Since we're huge fans of paranormal books, what is one paranormal talent you'd like to have?
The old Rumpelstiltskin ability to spin straw into gold would be pretty sweet. That would keep the wolves from the door!


Thank you so much Clare for being with us today!

To learn more about By These Ten Bones please go here.

You can read a sample of the book here .

You can see what Mattie's world looks like here

To learn more about Clare and her writing, be sure to visit her site here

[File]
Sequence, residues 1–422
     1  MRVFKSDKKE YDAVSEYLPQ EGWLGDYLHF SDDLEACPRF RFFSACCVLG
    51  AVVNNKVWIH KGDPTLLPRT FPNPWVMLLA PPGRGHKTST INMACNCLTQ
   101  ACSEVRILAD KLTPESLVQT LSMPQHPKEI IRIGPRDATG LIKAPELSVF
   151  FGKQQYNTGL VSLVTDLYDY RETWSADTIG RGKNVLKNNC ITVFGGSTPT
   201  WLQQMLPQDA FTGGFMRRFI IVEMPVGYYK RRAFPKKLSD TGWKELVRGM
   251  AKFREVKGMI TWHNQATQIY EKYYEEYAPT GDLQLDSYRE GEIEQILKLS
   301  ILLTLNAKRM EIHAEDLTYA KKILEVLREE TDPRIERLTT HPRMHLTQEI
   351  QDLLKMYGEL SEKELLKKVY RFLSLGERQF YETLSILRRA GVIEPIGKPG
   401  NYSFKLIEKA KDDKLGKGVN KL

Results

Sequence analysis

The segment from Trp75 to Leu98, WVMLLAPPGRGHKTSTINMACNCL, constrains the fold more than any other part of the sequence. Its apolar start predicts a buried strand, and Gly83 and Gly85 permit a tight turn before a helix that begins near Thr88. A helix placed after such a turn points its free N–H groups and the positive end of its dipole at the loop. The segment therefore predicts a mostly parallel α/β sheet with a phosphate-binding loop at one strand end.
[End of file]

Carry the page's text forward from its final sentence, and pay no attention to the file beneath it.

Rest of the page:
Be sure to stop by The Hate-Mongering Tart at:, the next stop on Clare's tour.


  1. OMGosh, it's so fun to hear about another person who memorized Tolkien's poems. Great interview!

  2. I am on my way to order this book right now. It sounds amazing! Two of my favorite elements, Scotland and werewolves, there's no way I can pass this up!

  3. Heather- I think you'll enjoy this book. Did you see Clare's pictures of Scotland on her blog? I so want to go there.

  4. Great interview, Mundies! And thanks for the link-over! <3

  5. Hi Kristin! Thank you so much! I'm looking forward to your blog stop.